Golfer's Elbow Rehabilitation

A full treatment and rehabilitation program is important for successful recovery and prevention of Golfers Elbow.

In order to maximize the chance of successful rehabilitation it is important to apply as many treatment approaches as you can. There is unlikely to be one single cure and different people will respond differently to certain treatments.

Aims of rehabilitation

  1. Reduce pain and inflammation.
  2. Identify possible causes of injury.
  3. Stretching and strengthening.
  4. Gradual return to activity.

It is important throughout the rehabilitation process to maintain fitness in ways that do not stress the elbow such as cycling or running so long as it is not painful.

Reducing pain and Inflammation

Rest from activity that causes pain. If you are a golfer or a thrower then stop playing. It is not just sports that causes this injury or may aggravate it. Gripping anything tightly or for long periods may make it worse, even opening heavy doors. Rest means rest!

Cryotherapy or cold therapy should be applied in the early stages - the first 2 to 3 days when it is in it's acute stage. This can ease the pain, reduce swelling and later on encourage blood flow. Elevation uses gravity to reduce swelling by allowing fluids to flow away from the site of injury.

Wear a brace, support or heat retainer. This will give support and help prevent further injury. A tennis elbow type brace is worn around the fore-arm just below the elbow and changes the angle that the forces transmit through the tendon, hence taking some of the strain off the injured part.

NSAID's (Non Steroidal Anti-inflammatory Drugs) such as Ibuprofen can help reduce pain and inflammation, especially in the early stages. It is thought they are less helpful later in the rehabilitation process. Always check with a Doctor before taking medication. You should not take Ibuprofen if you have asthma.

This initial acute phase can take from 2 days to 2 weeks depending on how bad the injury is and how much rest it gets.

Identify possible causes

Overuse is the main cause of throwers elbow. Doing too much, too soon without allowing your body to recover. Keep a training diary. This will allow you to look back and identify if you have been over training.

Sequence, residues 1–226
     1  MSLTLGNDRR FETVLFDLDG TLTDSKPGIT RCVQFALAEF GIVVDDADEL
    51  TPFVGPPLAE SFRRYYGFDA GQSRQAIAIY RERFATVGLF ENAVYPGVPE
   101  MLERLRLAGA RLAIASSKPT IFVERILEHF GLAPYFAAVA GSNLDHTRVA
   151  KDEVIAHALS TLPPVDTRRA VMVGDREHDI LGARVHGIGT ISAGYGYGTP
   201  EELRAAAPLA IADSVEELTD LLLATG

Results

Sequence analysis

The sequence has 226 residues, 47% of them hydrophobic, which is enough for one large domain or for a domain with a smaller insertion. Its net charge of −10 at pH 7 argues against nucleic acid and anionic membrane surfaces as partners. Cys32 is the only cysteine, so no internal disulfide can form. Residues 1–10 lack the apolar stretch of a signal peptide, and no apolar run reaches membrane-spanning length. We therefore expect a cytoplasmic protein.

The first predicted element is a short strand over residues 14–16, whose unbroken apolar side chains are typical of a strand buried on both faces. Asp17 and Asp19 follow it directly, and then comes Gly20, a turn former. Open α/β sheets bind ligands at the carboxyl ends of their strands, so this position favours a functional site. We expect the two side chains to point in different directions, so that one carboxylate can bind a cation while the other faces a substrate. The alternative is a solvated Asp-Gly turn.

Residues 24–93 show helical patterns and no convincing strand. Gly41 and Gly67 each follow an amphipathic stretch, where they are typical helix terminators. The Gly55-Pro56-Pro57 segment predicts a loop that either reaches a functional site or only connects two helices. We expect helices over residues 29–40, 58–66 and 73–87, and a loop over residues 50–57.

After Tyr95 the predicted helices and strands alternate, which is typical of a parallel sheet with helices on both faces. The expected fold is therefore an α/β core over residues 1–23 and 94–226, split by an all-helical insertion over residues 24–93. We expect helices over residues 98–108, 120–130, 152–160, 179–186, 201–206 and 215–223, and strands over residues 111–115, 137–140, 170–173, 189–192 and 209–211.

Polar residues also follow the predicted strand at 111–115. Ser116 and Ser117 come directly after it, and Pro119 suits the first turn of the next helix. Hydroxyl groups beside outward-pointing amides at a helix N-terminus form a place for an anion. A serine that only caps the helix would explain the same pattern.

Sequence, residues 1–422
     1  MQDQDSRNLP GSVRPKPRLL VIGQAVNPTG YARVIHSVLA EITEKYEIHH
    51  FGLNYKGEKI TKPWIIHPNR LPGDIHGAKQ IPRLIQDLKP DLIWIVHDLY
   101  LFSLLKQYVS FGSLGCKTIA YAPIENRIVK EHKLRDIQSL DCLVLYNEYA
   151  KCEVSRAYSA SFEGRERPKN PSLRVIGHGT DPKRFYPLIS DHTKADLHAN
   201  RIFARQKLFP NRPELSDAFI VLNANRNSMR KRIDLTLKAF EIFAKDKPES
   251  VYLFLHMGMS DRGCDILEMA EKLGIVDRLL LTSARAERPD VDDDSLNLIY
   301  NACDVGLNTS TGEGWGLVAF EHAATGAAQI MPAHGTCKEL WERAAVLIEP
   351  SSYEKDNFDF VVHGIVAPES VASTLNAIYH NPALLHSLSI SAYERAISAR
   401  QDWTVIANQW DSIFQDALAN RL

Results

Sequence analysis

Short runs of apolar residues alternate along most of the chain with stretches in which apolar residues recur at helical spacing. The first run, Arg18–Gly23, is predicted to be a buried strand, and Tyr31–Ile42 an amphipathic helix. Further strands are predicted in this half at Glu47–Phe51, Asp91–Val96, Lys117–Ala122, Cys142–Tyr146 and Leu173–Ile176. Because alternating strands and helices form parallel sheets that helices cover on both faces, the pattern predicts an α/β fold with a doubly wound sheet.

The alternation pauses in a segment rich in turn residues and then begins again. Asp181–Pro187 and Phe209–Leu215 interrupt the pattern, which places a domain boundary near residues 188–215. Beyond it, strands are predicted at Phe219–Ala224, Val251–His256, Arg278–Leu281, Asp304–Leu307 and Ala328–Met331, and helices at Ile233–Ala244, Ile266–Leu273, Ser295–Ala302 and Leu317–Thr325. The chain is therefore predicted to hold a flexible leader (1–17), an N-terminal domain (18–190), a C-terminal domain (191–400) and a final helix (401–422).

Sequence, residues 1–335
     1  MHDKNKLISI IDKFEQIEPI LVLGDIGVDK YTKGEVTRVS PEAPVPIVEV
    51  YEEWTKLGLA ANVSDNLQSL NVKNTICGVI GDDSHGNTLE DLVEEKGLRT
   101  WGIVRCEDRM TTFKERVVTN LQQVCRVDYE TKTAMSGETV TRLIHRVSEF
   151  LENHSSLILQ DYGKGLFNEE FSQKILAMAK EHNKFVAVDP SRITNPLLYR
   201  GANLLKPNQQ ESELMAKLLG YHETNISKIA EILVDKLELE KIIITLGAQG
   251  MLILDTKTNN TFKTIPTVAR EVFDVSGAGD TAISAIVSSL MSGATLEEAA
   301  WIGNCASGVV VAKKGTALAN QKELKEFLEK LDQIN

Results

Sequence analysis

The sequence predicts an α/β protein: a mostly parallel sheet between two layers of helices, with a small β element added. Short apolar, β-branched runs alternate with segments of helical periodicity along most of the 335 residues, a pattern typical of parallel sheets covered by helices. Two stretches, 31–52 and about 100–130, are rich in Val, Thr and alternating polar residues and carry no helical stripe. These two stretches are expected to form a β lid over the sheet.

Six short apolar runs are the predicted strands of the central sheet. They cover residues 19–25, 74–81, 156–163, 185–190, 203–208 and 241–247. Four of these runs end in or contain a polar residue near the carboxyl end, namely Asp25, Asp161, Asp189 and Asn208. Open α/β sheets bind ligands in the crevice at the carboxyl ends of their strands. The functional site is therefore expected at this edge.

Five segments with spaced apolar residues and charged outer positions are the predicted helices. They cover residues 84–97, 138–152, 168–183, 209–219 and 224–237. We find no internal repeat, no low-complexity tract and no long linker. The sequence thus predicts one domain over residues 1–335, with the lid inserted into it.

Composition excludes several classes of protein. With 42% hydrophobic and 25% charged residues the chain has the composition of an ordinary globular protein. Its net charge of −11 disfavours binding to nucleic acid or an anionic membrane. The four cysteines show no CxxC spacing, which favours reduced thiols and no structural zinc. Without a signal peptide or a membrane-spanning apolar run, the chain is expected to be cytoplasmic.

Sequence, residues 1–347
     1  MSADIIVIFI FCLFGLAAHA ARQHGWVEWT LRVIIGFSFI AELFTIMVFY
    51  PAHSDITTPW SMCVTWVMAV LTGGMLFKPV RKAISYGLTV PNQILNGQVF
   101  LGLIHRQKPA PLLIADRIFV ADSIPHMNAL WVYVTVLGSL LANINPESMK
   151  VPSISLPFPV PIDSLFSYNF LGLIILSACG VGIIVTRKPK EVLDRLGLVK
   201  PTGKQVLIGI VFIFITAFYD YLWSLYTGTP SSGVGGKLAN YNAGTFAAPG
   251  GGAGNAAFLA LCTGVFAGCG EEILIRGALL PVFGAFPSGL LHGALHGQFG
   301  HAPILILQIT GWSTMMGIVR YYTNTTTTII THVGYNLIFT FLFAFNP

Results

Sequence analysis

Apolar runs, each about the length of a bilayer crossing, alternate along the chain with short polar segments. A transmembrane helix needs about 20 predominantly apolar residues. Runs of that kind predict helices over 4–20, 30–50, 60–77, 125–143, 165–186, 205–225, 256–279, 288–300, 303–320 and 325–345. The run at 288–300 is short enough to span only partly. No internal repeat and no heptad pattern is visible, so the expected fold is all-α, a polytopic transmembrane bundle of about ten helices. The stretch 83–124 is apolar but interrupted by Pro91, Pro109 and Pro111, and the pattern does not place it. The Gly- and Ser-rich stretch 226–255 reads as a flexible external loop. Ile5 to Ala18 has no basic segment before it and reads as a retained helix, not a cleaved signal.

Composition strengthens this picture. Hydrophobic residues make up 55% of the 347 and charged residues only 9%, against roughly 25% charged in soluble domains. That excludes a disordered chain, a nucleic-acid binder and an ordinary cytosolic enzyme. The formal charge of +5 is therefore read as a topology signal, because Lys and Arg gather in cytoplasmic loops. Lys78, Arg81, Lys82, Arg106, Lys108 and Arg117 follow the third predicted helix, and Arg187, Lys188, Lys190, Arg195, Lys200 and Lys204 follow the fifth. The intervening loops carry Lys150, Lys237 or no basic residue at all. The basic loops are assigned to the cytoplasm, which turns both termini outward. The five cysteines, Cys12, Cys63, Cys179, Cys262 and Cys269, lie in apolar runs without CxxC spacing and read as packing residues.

The chance of suffering over use injuries is greatly increased if you have faulty technique. For example throwing a javelin or ball with a 'low elbow' technique will place far greater stress on the tendons on the inside of the elbow than a correct technique.

Particular attention needs to be paid to the technique of the golf swing or tennis forehand if the athlete is involved in these sports.

Sports massage

Sports massage can in the rehabilitation process, especially after the acute stage and for stubborn injuries that fail to heal. Cross friction massage to the tendon can help stimulate healing and stripping techniques on the muscles will help relax tight and knotted muscles that may increase the strain at the elbow. Apply cold therapy after massage treatment.

Stretching exercises

Stretching should begin as soon as possible, gently at first and continue throughout the rehabilitation process and after. Stretches for the wrist flexor muscles are most important. Hold stretches initially for 10 - 15 seconds - during the acute stage. Later stretches should be held for up to 40 seconds. Repeat stretches 5 times and aim to stretch at least three times a day.

Strengthening exercises

Strengthening should begin as soon as pain allows and this will depend on how bad the injury is. If it hurts during the exercise, after or makes it worse the next day then do not do strengthening exercises. Be patient.

Start with static exercises. When these can be done comfortably without any pain then move onto concentric and eccentric exercises, particularly for the wrist flexor muscles. It is important that strengthening exercises are done before trying to return to activity so the load through the tendon is gradually increased. Apply cold therapy after strengthening exercises

Return to Activity

  • This should be done gradually and begin only when you can perform the activity without pain.
  • When you can comfortably manage the strengthening exercises then it may be possible to return to activity. If you are a thrower, ensure you have the correct technique. Wearing a brace can help take the strain off the elbow during the return to full fitness.
  • For golfers, practice strokes without a ball to start with. Introduce a ball and gradually increase power in shots and number of practice shots played. For example session 1 - 20 strokes at 20% effort. Session 2 - 30 strokes at 40% effort and so on.
  • This gradual increase should take place over a six week period. If you find you have pain during, after or the next day then take a step back.
  • Throughout this phase it is essential that stretching and strengthening routines are maintained.

The following guidelines are for information purposes only. We recommend seeking professional advice before attempting any rehabilitation.